I found this amazing recipe from PBS Food, then I did my usual switch a few things around, and add stuff to it, routine. I hope you like this as much as we did. It was even loved by my five-year-old (except for the sausages, we had to fix her a hot dog to go with this. Must work on that tender tongue of hers!)
- 2 tablespoons olive oil
- 1 large parsnip (or two smaller ones), diced
- 1 carrot, diced
- 1 celery stalk, diced
- 1 onion, chopped
- 2 teaspoons garlic, minced
- 1/2 teaspoon rosemary
- 1 teaspoon thyme
- 1 bay leaf
- 1½ cups dupuy lentils (or green lentils)
- 1 quart chicken stock or vegetable stock
- 1 teaspoon dijon mustard
- splash red wine vinegar
- ½ teaspoon smoked paprika
- ½ teaspoon kosher salt
- 3 large handfuls of kale, chopped
- 1 pound of andouille sausages
- Heat oil in dutch oven over medium-high heat. Saute parsnip, carrot, celery, and onion til slightly browned. Add garlic and saute for 2 minutes longer. Add rosemary, thyme, bay and lentils and stir well to coat lentils in oil. Add stock. Cover and bring to a biol. Reduce heat to medium-low and simmer for 30-40 minutes. Add mustard, vinegar, paprika and salt. Then put all of kale on top of lentils and put on lid. Let kale wilt for 5 minutes, then stir into lentils.
- While lentils are cooking roast sausages in oven set to 425° til browned and crispy on the skin.
- Serve lentils in bowl with a sausage on top.
A few weeks ago I checked out the new cookbook by our local Food Coop. It’s a great little local to Oklahoma cookbook, and it has some great recipes in it. If you are one of those people that likes to collect local, regular people compiled, cookbooks, I highly recommend it. My only little gripe about it is the sideways layout of the book. The cover and chapters are laid out in portrait style, while the recipes are laid out landscape style. The makes it easy to lay the spiral bound book down on your counter to look at while cooking. But difficult to read through as you have to keep flipping the book back and forth in order to view it in order.
At any rate. There is a most excellent recipe for a Mushroom, Nut & Cheese Loaf in the The Oklahoma Food Cooperative Cookbook. I served it to a vegetarian friend of mine and she actually cried for love of it! My four-year-old inhaled it and asked for more. And my husband, the open-minded carnivore, loved it too! It’s now part of my permanent repertoire (and I’m even getting requests to have it made in bulk for people to purchase).
- 1 tbsp olive oil
- 1 small onion
- 1 lb fresh crimini mushrooms, chopped
- 3 cloves garlic, minced
- 1½ tsp thyme
- ½ tsp marjoram
- ½ tsp sage
- salt and pepper to taste
- 1 cup cooked brown rice
- 1 cup walnuts, roasted, minced
- 1/3 cup sunflower seeds, minced
- 3 eggs
- 2/3 cup cottage cheese
- 1 cup shredded parmesan cheese
- Preheat oven and stone (or regular metal) loaf pan to 350°F.
- Heat oil in a large skillet, over medium heat and cook onion until translucent. Add garlic, saute for 1 minute; add mushrooms, dried herbs, and salt and pepper. Cook on medium-low heat until all juice evaporates from mushrooms, about 20 minutes. Place mushroom mixture in a large bowl, add rice, nuts, eggs, cottage cheese, and cheese and blend together well.
- Put the mixture into hot stoneware (or regular) loaf pan. Bake 40-50 minutes, or until firm. Remove from oven and let cool on a rack for 10 minutes. Remove the loaf from pan.
- Serve immediately, or wrap and freeze for up to 6 months.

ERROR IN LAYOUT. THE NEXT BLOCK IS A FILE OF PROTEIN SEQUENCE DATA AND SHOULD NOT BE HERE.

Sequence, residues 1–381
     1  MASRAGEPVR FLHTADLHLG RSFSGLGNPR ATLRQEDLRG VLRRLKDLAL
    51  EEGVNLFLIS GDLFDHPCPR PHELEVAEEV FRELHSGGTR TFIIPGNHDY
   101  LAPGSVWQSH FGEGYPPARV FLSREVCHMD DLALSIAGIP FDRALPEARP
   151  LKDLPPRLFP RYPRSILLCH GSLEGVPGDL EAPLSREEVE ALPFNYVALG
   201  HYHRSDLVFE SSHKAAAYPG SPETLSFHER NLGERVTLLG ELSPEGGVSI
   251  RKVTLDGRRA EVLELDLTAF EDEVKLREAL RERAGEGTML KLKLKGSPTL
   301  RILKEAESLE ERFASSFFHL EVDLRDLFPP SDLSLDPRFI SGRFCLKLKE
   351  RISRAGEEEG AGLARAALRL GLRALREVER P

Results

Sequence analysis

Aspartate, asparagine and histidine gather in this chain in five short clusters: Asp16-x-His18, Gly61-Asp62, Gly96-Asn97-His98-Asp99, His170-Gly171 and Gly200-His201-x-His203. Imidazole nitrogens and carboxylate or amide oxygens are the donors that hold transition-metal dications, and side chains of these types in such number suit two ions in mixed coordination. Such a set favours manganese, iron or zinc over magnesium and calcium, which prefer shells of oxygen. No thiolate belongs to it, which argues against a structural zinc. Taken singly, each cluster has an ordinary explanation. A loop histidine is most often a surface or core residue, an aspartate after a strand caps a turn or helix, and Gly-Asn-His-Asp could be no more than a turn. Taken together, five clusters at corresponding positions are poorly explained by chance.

In May I will be participating in the Warrior Dash in Oklahoma. I will also be collecting sponsorship donations for St. Jude Children’s Hospital. Please, if you have the ability, consider donating to this wonderful hospital in my name!
Next up on the book review agenda, The Spice Bible by Jane Lawson.
Oh. My. This is like my dream cookbook about spices everyone. It’s encyclopedic, everything from Ajowan to Wasabi, all broken down by type – seeds and pods, berries and flowers, and roots and bark. It has great recipes, every single spice has at least one matching recipe, often it has two or three to try. It even covers spice pastes, and spice blends, all with recipes for those pastes and blends, as well as recipes using those spice pastes and blends. It’s A-may-zing. (You can tell I’m in love, I sound like a ten-year-old when I talk about it)
It’s on my wishlist. Please buy it for me?
Last night I threw together some Indian food from this book, as well as a side culled from several places online. Butter Chicken is a very common Indian food recipe. It’s relatively easy to make, and tastes very close to what you have in most Indian restaurants under the name Chicken Tikka Masala.
The side dishes were rice, and Saag Paneer. Typically restaurants have Palak Paneer, which is specifically spinach. But I was looking to finish up the kale we had on hand before it went all droopy. So, the word saag just means greens, and it can be any kind of greens – collards, mustard, kale, chard, beet. And this recipe could be used with just plain spinach if that is what you have on hand. Green and leafy? Give it a go in this dish. I ended up changing the dish a bit from most Saag Paneers, since I had used all my yogurt in the Butter Chicken, and didn’t really want to double down on the dairy in our meal anyway, I substituted coconut cream. It was a surprisingly awesome sub! Some vegan saag paneer recipes call for using it instead of yogurt, or cream. Sometimes those vegans are crafty and smart (don’t tell Anthony Bourdain I said that!). I used regular paneer (a type of cheese), since that is what I had on hand, but it could easily be switched out for lightly-fried extra firm tofu, and it would be a full-on vegan dish.
- 3/4" piece of fresh ginger roughly chopped
- 3 garlic cloves
- 1/2 cup blanched almonds
- 2/3 cup plain yogurt
- 1/2 teaspoon cayanne pepper
- 1/4 teaspoon ground cloves
- 1/4 teaspoon ground cinnamon
- 1 teaspoon garam masala
- 4 green cardamom pods
- 1 (14-ounce) can tomato sauce
- 2 lbs 4 oz skinless boneless chicken thighs cut into large pieces
- 5 tablespoons ghee (it's the butter in butter chicken, but I've been known to use olive oil also)
- 1 large yellow onion
- 1 large handful of cilantro leaves
- 1/3 cup heavy cream